2017 PSNH 9th National Juried Exhibition – “Its Pastel!”

 Discover Portsmouth Center, Portsmouth, NH

Dates: OCTOBER 21st through NOVEMBER 25th, 2017

We thank the artists as well as those who came to view this show. It was a great success.

Jurors of Selection: Kim Lordier, a signature member of PSA and an IAPS Master Circle Recipient

Juror of Awards: Christine Ivers, a signature member of PSA and an IAPS Master Circle Recipient 

Many Thanks to the Following Sponsors:

[Not a valid template]As well as:
Connecticut Pastel Society
Pastel Painters of Maine
Pastel Society of America
Pastel Painters Society of Cape Cod
The Pastel Journal
David Pratt Framer
Wayne Dutch

And Now for the Winners!

Kitty Clark Award/Best in Show:  Terri Brooks, Fall Fishing

This incredibly dynamic piece caught my eye as soon as I turned the corner of the room! From it’s well thought out composition, use of sensitive color temperature and illuminating rim light, I found myself caught up in the moment of the cast line of this solitude fisherman. Reflections in the still lake added to the calming effect the artist wanted to achieve to show the serenity of this moment in time. Congratulations on such a seriously executed use of the medium. This painting is pure beauty and in my mind deserves the highest award.

Second Place:  Susan Ellis, The Long Haul

Who of us in this audience has not encountered a job that forced us to use our backbones to get a job done. We are not even sure what this young man is pulling through the bog, but we are sure he is working pretty hard to drag it to it’s destination. With the directional strokes of the marsh grass and the bold strokes that create the rim light on this young man, we are given a glimpse into his efforts as he toils to finish his job. This painting is a fine example of storytelling through a simple composition and beautiful light. I would tell this artist to keep painting what you love. It shows in your painting.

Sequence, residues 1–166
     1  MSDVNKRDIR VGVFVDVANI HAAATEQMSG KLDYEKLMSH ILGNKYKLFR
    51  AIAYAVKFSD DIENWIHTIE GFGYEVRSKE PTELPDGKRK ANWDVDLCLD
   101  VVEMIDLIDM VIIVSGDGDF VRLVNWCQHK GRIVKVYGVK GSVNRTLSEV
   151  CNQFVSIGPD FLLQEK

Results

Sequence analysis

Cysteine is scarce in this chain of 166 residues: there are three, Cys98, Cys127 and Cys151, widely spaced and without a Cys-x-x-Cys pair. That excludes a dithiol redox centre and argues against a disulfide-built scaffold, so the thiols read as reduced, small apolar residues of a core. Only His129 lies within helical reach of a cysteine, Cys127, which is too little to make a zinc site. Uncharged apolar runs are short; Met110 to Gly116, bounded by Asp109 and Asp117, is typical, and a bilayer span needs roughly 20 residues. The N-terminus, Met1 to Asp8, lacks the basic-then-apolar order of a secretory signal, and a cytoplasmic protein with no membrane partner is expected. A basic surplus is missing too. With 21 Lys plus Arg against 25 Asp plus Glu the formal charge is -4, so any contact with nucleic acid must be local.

Third Place:  Eileen Casey, Woodland Memory

If there were ever a painting that put me in the middle of an ice cold winter sunset or sunrise this was it! Well determined color choice to bring on that emotion, the subtle reflections in the icy pond and the stark darkness of the trees leading me back to the horizon all played pivotal parts in the success of this wonderful work. The textured surface only added to intrigue of this predawn or dusk capture of time and the directional pull of the darkened trees pulled constantly tried to pull me away from the frozen ground below. Totally wonderful capture of a moment in time.

Schmincke/ChartPak:  Jacob Aguiar, When Rocks Turn to Gold

The use of a square format is always a challenging one for an artist of any medium, but this painting drew me to it from the start. Leading you into the frame, the winding of the stream brings you into the distant background of vibrant foliage leading you to believe it is a verdant time of year in this landscape. With elements bringing you into the painting from many directions the viewer can pause and rest on areas or travel around the composition. The atmospheric perspective of this landscape is a wonderful example of bringing a two-dimensional plane to a visual three-dimensional illusion to the artists viewer. Kudos to the artist!

Blick Art Materials:  Maryann Mullett, Blue Pottery Vase

Large in format, yet intimate in subject, this detailed still life caught my eye for a number of reasons. The replication of the ceramic vase, the light and shadows on the walls surrounding the subject, and the delicacy of the berry branches in the set up, gave me a feeling of really being part of the scene. The directional pull of the upward motion of the branches versus the solid resistance of the heavy vase gave me a feeling of a quiet argument between the two. To add to it’s beauty, the presentation with the unusual frame added to the wholeness of the entire piece. A truly wonderful work.

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Great American – Holy Cow Award:  Janet Schwartz, Red Light Green Light

I am always amazed at the diversity of subject matter that painters of any medium choose to paint, so this painting definitely stood out among the crowd. How many of us would think to paint a rainy car windshield? But this artist did! Drippy strokes that created the rain-like patterns, the blur of the lights that are easily seen but through the prisms of the water and glass are liquid and distorted… Just as you would see them in a rainstorm between the windshield wiper blades. Unusual and creative, I think this pastel is worthy of the Holy Cow Award because when I stood in front of it that’s exactly what I thought. Holy Cow! This is a great painting.